Doug's Mailbag: Win 7 Upgrading Issues, Future of Palm

After Doug discussed the problems associated with upgrading to the newest Microsoft OS, here's what a few of you think regarding Windows 7 compatibility testing:

Our experience with Windows 7 application compatibility has been very positive.

The only small hang-up is our very old accounting/ERP system. The only way we could get it to function was by turning off user account control. We had the same issue under Vista, so this was not a surprise to us.

A somewhat larger problem had been hardware compatibility, especially for printers. The printer compatibility problems are even more problematic on the 64-bit version. For example, we have a couple of HP Color Laserjet 2600n printers. These are vista-era printers. Under 32-bit Windows 7, no problems. But under 64-bit, the printer will work fine via USB, but becomes very difficult to get working over a network.

However, all that being said, nothing has been show stopping. We are bringing in all new computers with Win 7 factory installed.

Here's an aside on app compatibility -- sometimes "run as administrator" just isn't enough.

In my off-time I am a PC gamer, so I 'play' with my computers at home quite a lot. I just can not list the number of games and other programs that won't run under Vista/Windows 7 until User Account Control is disabled. I don't recommend turning off UAC to most folks because the security benefit it provides is well worth it. UAC is fundamentally behind much of the compatibility grief with older software. So if you absolutely need to run something, try disabling UAC and hope you stay safe on the net.

Either an application is compatible with Windows 7 or it's not. Few (if any) applications should be dependent upon features found in "Professional" which are not found in lesser versions of Windows 7.

I assume they chose "Professional" because it's the least feature-rich (and least expensive) edition which is designed specifically for business networks utilizing ADS. Kind of a "lowest common denominator" for business apps.

Maybe the point is that if they are running under Windows XP Professional now, then it may 'require' Windows 7 Professional.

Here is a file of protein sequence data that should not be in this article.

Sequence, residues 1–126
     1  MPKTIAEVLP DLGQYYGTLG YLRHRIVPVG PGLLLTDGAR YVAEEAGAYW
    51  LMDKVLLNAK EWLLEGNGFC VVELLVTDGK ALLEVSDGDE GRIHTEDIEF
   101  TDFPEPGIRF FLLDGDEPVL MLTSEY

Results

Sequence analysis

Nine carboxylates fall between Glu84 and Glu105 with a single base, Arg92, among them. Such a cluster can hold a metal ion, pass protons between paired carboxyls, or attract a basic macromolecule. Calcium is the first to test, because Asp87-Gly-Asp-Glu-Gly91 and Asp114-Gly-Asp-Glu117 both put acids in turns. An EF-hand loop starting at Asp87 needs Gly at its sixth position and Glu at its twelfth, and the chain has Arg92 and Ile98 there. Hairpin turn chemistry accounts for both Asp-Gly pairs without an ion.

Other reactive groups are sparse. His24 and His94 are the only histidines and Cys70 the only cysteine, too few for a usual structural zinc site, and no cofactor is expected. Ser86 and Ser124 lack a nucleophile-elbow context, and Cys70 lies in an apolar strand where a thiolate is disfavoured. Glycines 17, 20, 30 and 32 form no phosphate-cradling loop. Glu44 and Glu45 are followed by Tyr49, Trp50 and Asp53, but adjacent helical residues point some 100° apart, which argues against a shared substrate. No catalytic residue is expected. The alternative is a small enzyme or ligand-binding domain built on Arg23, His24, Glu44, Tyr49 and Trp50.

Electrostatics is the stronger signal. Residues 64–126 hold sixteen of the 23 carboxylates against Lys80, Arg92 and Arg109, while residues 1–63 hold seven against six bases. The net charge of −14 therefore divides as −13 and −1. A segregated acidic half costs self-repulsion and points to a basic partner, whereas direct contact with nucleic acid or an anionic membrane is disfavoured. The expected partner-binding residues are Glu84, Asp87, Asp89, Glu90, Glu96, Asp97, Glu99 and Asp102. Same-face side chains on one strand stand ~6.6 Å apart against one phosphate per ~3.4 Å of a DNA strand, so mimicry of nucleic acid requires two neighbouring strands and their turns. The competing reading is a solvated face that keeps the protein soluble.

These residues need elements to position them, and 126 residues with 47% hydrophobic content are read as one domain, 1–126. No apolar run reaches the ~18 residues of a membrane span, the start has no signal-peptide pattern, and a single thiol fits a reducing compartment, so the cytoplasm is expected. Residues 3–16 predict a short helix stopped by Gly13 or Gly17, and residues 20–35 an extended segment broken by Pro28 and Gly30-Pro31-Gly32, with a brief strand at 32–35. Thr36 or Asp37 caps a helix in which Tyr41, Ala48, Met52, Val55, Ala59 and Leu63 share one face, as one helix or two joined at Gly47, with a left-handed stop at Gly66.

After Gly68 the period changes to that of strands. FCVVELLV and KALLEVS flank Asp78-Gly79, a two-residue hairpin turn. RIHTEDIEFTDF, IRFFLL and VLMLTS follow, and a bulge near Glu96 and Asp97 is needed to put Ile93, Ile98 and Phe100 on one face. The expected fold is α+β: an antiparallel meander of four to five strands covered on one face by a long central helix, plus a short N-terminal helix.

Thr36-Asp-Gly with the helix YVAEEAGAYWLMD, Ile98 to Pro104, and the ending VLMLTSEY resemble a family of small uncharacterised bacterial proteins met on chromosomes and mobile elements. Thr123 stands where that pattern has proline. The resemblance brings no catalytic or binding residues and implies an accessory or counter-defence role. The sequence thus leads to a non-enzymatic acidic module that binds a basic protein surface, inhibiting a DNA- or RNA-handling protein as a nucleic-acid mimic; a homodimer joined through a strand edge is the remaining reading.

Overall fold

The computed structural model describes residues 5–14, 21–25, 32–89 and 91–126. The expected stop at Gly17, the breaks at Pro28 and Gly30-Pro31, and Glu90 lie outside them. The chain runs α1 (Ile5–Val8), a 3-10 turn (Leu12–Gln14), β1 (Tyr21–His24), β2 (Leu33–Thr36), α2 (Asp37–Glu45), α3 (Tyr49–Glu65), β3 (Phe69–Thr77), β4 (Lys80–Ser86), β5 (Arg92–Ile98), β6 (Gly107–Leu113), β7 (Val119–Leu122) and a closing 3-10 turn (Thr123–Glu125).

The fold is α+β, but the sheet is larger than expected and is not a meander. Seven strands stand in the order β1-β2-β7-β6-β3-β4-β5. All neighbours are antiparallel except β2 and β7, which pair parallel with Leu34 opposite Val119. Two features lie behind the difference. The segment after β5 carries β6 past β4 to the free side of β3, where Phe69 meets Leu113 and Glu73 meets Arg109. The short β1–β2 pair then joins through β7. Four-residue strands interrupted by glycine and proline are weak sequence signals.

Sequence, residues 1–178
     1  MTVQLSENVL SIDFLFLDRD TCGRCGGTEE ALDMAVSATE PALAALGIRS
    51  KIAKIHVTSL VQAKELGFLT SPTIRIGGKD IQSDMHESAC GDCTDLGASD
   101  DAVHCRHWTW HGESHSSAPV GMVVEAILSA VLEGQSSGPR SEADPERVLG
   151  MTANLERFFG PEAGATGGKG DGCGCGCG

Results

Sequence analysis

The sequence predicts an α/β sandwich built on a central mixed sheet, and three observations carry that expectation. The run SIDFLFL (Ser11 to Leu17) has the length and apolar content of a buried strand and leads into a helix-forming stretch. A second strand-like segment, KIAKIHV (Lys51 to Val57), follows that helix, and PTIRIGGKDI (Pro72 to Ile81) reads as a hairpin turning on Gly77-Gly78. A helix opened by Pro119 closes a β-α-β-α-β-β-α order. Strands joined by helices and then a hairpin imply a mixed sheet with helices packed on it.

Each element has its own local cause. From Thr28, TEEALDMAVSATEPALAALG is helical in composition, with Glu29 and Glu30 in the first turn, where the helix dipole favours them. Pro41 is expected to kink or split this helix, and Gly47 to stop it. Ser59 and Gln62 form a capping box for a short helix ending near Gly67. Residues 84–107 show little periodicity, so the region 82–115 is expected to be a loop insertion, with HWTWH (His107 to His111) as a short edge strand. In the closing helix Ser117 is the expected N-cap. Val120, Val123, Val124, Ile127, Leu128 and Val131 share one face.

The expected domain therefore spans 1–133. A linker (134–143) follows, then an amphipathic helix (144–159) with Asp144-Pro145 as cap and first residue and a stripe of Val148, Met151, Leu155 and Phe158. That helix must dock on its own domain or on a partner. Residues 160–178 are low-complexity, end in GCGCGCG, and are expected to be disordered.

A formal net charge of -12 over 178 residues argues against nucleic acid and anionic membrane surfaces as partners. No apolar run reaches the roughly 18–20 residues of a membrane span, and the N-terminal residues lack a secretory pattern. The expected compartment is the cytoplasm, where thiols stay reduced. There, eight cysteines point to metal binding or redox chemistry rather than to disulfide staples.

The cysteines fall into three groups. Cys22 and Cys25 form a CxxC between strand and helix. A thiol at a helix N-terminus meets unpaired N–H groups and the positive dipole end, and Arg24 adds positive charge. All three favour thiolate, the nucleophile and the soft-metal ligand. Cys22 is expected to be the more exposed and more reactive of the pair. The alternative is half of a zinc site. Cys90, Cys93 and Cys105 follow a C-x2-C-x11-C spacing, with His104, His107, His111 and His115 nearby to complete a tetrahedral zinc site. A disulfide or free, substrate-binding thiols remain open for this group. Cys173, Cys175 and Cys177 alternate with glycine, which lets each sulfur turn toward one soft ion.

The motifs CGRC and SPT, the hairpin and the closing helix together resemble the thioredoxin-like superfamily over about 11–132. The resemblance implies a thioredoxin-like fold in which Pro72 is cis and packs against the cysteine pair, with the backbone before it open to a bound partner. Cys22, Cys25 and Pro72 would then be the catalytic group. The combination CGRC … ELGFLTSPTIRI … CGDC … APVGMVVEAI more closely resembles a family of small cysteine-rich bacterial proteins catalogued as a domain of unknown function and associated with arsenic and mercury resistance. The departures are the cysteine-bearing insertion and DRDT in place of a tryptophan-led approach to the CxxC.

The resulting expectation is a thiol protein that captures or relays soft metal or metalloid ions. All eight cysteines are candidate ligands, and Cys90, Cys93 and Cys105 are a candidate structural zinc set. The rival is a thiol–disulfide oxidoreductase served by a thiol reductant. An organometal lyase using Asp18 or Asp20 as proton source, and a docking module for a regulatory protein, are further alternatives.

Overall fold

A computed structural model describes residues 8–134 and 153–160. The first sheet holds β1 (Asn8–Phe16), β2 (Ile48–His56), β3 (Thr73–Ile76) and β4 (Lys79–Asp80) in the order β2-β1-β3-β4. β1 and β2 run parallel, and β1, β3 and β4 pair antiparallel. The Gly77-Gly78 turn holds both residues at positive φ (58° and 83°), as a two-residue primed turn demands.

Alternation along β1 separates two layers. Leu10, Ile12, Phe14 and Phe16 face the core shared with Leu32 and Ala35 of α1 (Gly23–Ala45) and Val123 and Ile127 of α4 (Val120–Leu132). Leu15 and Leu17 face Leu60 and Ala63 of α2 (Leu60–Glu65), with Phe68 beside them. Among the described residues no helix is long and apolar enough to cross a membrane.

Let's be honest though, the NT 6.x kernel was designed specifically to enforce Windows XP certification standards. Programs which were certified to run under XP should work fine.

Sadly, many applications written for XP ignored Microsoft programming standards and never sought certification. The problem was even worse for in-house developed programs and drivers.

Microsoft did not enforce those standards because they were more concerned about supporting legacy applications than they were about protecting the integrity of the operating system. That has all changed.

Microsoft paid a high price (and is still paying a high price) for not enforcing standards under XP and then not driving home the point with its ISVs during the Vista launch.

Undoubtedly, late adopters (those still on Windows 2000/XP) will continue to suffer until all of the software has been upgraded. (But Microsoft will be the one getting the black eye!)
-C. Mark

One reader shares his thoughts on Palm in the wake of last week's buyout news:

Five years ago I got my first Palm, the Treo 650 -- solidly built (it's still working perfectly), stable platform, lots of great apps, free and paid.

But the single-tasking became a problem in a fast-moving world, and Palm was too slow to address that deficiency -- especially outside the U.S. where Windows-based Palms weren't readily available. So came the move to Windows Mobile on HTC -- which had to wait until 6.1 for decent message threading, and whose hardware is nowhere near as well built.

Time to upgrade again, so I was looking forward to the Pre, having monitored its release a year ago. But, after a year, there is still no real take-up by developers. On top of which webOS doesn't support my (coerced) investment in Windows Mobile apps. In any case, the Pre has not been type-approved in South Africa yet.

Hmmm... hopefully HP will take the highly-promising webOS and make use of its marketing muscle and worldwide reach to increase turnover. This would ensure that Palm doesn't die out.

Share your thoughts with the editors of this newsletter! Write to [email protected]. Letters printed in this newsletter may be edited for length and clarity, and will be credited by first name only (we do NOT print last names or e-mail addresses).

Posted by Doug Barney on May 03, 2010 at 11:53 AM0 comments

Win 7 Reaches Embedded Mart

There is now an embedded version of Windows 7 aimed at thin computers, industrial devices and other machines that used embedded OSes. Both HP and Wyse have already announced thin clients using the new OS.

What does this mean? My guess is that as reliable as embedded-OS devices are, they will become more so with Win 7.

Windows 7 Embedded also now supports Media Center, giving it a play in set-top boxes and other entertainment devices.